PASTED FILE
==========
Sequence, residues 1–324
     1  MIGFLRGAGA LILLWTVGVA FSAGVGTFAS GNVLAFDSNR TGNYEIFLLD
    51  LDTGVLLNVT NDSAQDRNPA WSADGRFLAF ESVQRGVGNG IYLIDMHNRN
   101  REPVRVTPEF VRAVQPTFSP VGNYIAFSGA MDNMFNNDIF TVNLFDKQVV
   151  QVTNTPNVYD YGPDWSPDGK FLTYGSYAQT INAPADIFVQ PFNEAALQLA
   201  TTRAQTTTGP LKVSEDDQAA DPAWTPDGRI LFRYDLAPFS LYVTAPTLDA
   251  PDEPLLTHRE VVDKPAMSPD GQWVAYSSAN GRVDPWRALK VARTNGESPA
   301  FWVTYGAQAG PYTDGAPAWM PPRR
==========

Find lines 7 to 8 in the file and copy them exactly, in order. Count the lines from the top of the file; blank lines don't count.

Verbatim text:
   251  PDEPLLTHRE VVDKPAMSPD GQWVAYSSAN GRVDPWRALK VARTNGESPA
   301  FWVTYGAQAG PYTDGAPAWM PPRR